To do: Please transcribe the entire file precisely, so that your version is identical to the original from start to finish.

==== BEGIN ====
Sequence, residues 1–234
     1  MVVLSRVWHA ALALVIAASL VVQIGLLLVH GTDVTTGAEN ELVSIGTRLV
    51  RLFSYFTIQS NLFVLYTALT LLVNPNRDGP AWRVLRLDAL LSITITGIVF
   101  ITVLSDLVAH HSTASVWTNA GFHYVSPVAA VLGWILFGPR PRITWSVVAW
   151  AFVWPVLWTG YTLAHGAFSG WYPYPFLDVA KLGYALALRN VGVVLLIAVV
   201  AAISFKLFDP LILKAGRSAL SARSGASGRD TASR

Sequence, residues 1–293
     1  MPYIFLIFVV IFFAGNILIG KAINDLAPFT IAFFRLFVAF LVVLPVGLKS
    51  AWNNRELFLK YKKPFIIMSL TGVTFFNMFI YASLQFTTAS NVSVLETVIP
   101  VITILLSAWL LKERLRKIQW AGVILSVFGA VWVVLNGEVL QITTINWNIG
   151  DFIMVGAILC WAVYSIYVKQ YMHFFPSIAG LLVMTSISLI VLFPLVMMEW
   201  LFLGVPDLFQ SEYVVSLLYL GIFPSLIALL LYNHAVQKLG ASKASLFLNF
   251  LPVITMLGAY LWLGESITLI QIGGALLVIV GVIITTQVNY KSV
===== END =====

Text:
Sequence, residues 1–234
     1  MVVLSRVWHA ALALVIAASL VVQIGLLLVH GTDVTTGAEN ELVSIGTRLV
    51  RLFSYFTIQS NLFVLYTALT LLVNPNRDGP AWRVLRLDAL LSITITGIVF
   101  ITVLSDLVAH HSTASVWTNA GFHYVSPVAA VLGWILFGPR PRITWSVVAW
   151  AFVWPVLWTG YTLAHGAFSG WYPYPFLDVA KLGYALALRN VGVVLLIAVV
   201  AAISFKLFDP LILKAGRSAL SARSGASGRD TASR

Sequence, residues 1–293
     1  MPYIFLIFVV IFFAGNILIG KAINDLAPFT IAFFRLFVAF LVVLPVGLKS
    51  AWNNRELFLK YKKPFIIMSL TGVTFFNMFI YASLQFTTAS NVSVLETVIP
   101  VITILLSAWL LKERLRKIQW AGVILSVFGA VWVVLNGEVL QITTINWNIG
   151  DFIMVGAILC WAVYSIYVKQ YMHFFPSIAG LLVMTSISLI VLFPLVMMEW
   201  LFLGVPDLFQ SEYVVSLLYL GIFPSLIALL LYNHAVQKLG ASKASLFLNF
   251  LPVITMLGAY LWLGESITLI QIGGALLVIV GVIITTQVNY KSV